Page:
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Dietary acid load: a novel nutritional target in chronic kidney disease?
Adv Chronic Kidney Dis 2013; 20(2):141-9AC

Abstract

Nonvolatile acid is produced from the metabolism of organic sulfur in dietary protein and the production of organic anions during the combustion of neutral foods. Organic anion salts that are found primarily in plant foods are directly absorbed in the gastrointestinal tract and yield bicarbonate. The difference between endogenously produced nonvolatile acid and absorbed alkali precursors yields the dietary acid load, technically known as the net endogenous acid production, and must be excreted by the kidney to maintain acid-base balance. Although typically 1 mEq/kg/day, dietary acid load is lower with greater intake of fruits and vegetables. In the setting of CKD, a high dietary acid load invokes adaptive mechanisms to increase acid excretion despite reduced nephron number, such as increased per nephron ammoniagenesis and augmented distal acid excretion mediated by the renin-angiotensin system and endothelin-1. These adaptations may promote kidney injury. Additionally, high dietary acid loads produce low-grade, subclinical acidosis that may result in bone and muscle loss. Early studies suggest that lowering the dietary acid load can improve subclinical acidosis, preserve bone and muscle, and slow the decline of glomerular filtration rate in animal models and humans. Studies focusing on hard clinical outcomes are needed.

Authors+Show Affiliations

Division of Nephrology and Hypertension, Department of Medicine, University of Miami Miller School of Medicine, Miami, FL 33136, USA. jscialla@med.miami.eduNo affiliation info available

Pub Type(s)

Journal Article
Research Support, N.I.H., Extramural
Review

Language

eng

PubMed ID

23439373

Citation

Scialla, Julia J., and Cheryl A M. Anderson. "Dietary Acid Load: a Novel Nutritional Target in Chronic Kidney Disease?" Advances in Chronic Kidney Disease, vol. 20, no. 2, 2013, pp. 141-9.
Scialla JJ, Anderson CA. Dietary acid load: a novel nutritional target in chronic kidney disease? Adv Chronic Kidney Dis. 2013;20(2):141-9.
Scialla, J. J., & Anderson, C. A. (2013). Dietary acid load: a novel nutritional target in chronic kidney disease? Advances in Chronic Kidney Disease, 20(2), pp. 141-9. doi:10.1053/j.ackd.2012.11.001.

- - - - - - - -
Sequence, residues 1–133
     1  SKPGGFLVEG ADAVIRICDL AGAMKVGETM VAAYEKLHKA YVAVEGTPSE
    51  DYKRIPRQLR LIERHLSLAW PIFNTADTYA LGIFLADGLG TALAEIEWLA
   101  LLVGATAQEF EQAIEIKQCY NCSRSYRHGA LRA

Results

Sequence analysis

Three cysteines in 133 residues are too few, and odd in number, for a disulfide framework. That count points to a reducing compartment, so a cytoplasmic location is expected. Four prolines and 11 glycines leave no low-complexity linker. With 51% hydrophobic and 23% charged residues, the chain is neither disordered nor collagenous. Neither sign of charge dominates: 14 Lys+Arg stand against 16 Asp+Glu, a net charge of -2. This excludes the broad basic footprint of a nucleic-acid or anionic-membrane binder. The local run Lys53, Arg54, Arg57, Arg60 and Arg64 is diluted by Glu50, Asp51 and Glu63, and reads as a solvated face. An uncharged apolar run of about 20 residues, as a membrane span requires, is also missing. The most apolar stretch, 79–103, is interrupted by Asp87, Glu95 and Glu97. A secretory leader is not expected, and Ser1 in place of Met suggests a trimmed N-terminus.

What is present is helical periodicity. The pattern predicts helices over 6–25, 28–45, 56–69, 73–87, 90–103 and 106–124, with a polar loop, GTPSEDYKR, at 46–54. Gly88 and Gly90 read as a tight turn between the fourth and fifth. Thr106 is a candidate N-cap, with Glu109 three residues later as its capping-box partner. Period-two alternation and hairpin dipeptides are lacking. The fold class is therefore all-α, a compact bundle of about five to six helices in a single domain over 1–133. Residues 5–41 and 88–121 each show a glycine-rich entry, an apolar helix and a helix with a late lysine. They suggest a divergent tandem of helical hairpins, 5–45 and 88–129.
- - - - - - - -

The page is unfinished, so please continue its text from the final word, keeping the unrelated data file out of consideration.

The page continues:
Scialla JJ, Anderson CA. Dietary Acid Load: a Novel Nutritional Target in Chronic Kidney Disease. Adv Chronic Kidney Dis. 2013;20(2):141-9. PubMed PMID: 23439373.
* Article titles in AMA citation format should be in sentence-case
TY - JOUR T1 - Dietary acid load: a novel nutritional target in chronic kidney disease? AU - Scialla,Julia J, AU - Anderson,Cheryl A M, PY - 2012/08/02/received PY - 2012/11/06/revised PY - 2012/11/12/accepted PY - 2013/2/27/entrez PY - 2013/2/27/pubmed PY - 2013/9/26/medline SP - 141 EP - 9 JF - Advances in chronic kidney disease JO - Adv Chronic Kidney Dis VL - 20 IS - 2 N2 - Nonvolatile acid is produced from the metabolism of organic sulfur in dietary protein and the production of organic anions during the combustion of neutral foods. Organic anion salts that are found primarily in plant foods are directly absorbed in the gastrointestinal tract and yield bicarbonate. The difference between endogenously produced nonvolatile acid and absorbed alkali precursors yields the dietary acid load, technically known as the net endogenous acid production, and must be excreted by the kidney to maintain acid-base balance. Although typically 1 mEq/kg/day, dietary acid load is lower with greater intake of fruits and vegetables. In the setting of CKD, a high dietary acid load invokes adaptive mechanisms to increase acid excretion despite reduced nephron number, such as increased per nephron ammoniagenesis and augmented distal acid excretion mediated by the renin-angiotensin system and endothelin-1. These adaptations may promote kidney injury. Additionally, high dietary acid loads produce low-grade, subclinical acidosis that may result in bone and muscle loss. Early studies suggest that lowering the dietary acid load can improve subclinical acidosis, preserve bone and muscle, and slow the decline of glomerular filtration rate in animal models and humans. Studies focusing on hard clinical outcomes are needed. SN - 1548-5609 UR - https://www.unboundmedicine.com/medline/citation/23439373/full_citation L2 - https://linkinghub.elsevier.com/retrieve/pii/S1548-5595(12)00209-1 DB - PRIME DP - Unbound Medicine ER -